Labour, the SNP, Liberal Democrats and other smaller parties revealed they will block a fresh attempt by the embattled Prime Minister to call a general election on Monday in an effort to resolve the impasse.
He accused them of running scared during a visit to Scotland, as the stalemate shows no sign of a breakthrough.
The united opposition, along with former Tory MPs expelled by Mr Johnson, have fast-tracked a Bill through Westminster which would rule out the prospect of a No Deal or force Mr Johnson to seek a three month Brexit extension beyond the scheduled date of October 31.
It was widely held that this left the Prime Minister “boxed in”, but he insisted he will agree to such a move.
“It would mean that the Government of the UK was obliged to write a letter to Brussels asking for a pointless delay to leaving the EU,” he said.
“I don’t think that’s what’s people want and we were very clear about that.
“Not only would it oblige the Government to do that, it would give the EU power to decide how long the UK had to stay in.
“I really, can’t for the life think that that is a democratic way forward. The big picture is we spent a lot of time trying to fudge this thing and I think the British public want us to get out. “They don’t want more dither and delay.”
He insisted a deal would be agreed by 17 or 18 October - the dates of an EU Council summit - and would allow the UK to “start a new partnership with our European friends”.
He added: “We will go to the summit on the 17th, we will get a deal and we will come out on October 31st.”
The cliff-edge constitutional stand-off at Westminster was triggered after cross-party legislation obliging Mr Johnson to seek a Brexit extension cleared the Commons on Friday and will become law after Royal Assent. The House of Lords approved the European Union (Withdrawal) (No. 6) Bill at third reading without a formal vote.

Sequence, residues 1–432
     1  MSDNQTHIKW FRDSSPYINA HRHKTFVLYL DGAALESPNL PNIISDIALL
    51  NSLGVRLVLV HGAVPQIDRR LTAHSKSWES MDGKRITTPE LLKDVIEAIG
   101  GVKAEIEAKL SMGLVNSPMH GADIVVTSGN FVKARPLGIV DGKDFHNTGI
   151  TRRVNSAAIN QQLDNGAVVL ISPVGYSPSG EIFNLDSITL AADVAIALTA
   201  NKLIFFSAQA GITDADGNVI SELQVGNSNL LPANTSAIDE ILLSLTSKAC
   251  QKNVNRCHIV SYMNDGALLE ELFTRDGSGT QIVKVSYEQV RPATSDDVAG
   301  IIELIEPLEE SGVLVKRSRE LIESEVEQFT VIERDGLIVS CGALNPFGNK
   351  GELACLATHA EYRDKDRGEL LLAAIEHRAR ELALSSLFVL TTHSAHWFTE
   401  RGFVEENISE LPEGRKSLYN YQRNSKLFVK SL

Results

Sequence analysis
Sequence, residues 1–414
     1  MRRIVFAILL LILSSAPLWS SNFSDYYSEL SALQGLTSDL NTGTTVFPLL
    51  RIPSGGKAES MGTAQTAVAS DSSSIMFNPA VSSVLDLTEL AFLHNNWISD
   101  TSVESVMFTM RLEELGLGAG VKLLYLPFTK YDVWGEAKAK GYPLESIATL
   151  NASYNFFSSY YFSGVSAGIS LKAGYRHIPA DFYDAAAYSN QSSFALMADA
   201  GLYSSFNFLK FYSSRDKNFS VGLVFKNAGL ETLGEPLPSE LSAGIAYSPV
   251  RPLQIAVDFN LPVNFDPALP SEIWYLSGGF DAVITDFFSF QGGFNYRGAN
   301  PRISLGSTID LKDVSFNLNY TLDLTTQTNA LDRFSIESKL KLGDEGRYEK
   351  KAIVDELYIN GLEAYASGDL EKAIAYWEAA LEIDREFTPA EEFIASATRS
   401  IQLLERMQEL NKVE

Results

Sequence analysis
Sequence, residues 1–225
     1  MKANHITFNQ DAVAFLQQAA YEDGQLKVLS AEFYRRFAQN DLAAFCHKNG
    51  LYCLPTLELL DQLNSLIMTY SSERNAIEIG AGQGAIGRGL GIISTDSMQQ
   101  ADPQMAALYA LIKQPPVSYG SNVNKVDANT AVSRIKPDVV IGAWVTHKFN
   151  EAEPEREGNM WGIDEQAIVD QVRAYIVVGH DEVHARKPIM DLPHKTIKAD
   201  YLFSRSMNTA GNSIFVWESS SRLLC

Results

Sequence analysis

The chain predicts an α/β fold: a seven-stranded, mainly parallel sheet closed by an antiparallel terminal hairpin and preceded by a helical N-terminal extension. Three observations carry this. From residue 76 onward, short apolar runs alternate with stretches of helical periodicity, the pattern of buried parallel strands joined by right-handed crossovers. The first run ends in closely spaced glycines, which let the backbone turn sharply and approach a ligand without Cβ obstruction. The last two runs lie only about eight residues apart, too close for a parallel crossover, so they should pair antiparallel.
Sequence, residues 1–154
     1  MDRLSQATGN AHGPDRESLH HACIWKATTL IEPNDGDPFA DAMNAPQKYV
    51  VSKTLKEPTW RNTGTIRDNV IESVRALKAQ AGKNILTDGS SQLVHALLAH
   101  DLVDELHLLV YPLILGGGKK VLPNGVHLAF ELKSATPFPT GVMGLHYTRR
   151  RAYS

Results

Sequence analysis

Although it leaves him legally obliged to seek an extension, he is ruling this out.
The legislation requires a delay to Brexit beyond October 31 unless a divorce deal is approved or Parliament agrees to leaving the EU without one by October 19.
It sailed through its final stages in the Lords without amendment and is now expected to receive royal assent on Monday, thereby completing all stages required to become law.
The Prime Minister has previously labelled it the “surrender Bill” and claimed it takes away control of the UK’s negotiations with the EU by allowing Parliament to block no-deal.
Closing the debate in the Lords, Brexit minister Lord Callanan said the Bill brought “delay and uncertainty” while undermining the Government’s efforts to negotiate the Withdrawal Agreement.
He said it also aimed to tie the Prime Minister’s hands when he was seeking to secure the best possible Brexit deal.
But he assured peers the legislation would be presented for royal assent.
“This Bill is about seriously undermining negotiations that could achieve a deal before October 31, frustrating the referendum result and stopping Brexit,” Lord Callanan said.
Earlier, peers rejected by 268 votes to 47, majority 221, a bid to remove an amendment included in the Commons, paving the way for MPs to debate Theresa May’s final Brexit deal during a Brexit extension to next January.
The amendment, tabled by Labour MP Stephen Kinnock, was only passed after tellers for those voting against it were not put forward.
Mr Johnson used his visit to Aberdeenshire to announce that Scottish farmers will receive an extra £51.4 million over the next two years, in addition to the £160 million announced in Wednesday’s spending round.
The PM was expected to stay at the castle before returning to London today to get back to Government businesses.
His girlfriend Carrie Symonds is expected to accompany him on the Balmoral trip.
There were also further signs of unease within the Tory ranks about the uncompromising Brexit stance which saw Mr Johnson boot 21 senior Conservatives - including former chancellors Ken Clarke and Philip Hammond - out of the party in the Commons by removing the whip after they backed the opposition Withdrawal Bill.
Former defence secretary Sir Michael Fallon, who is standing down as Tory MP in Sevenoaks, said he hoped an appeal mechanism would be put in place for his former colleagues.
He added: “I also worry that it sends the wrong message to remainers - particularly in my party.”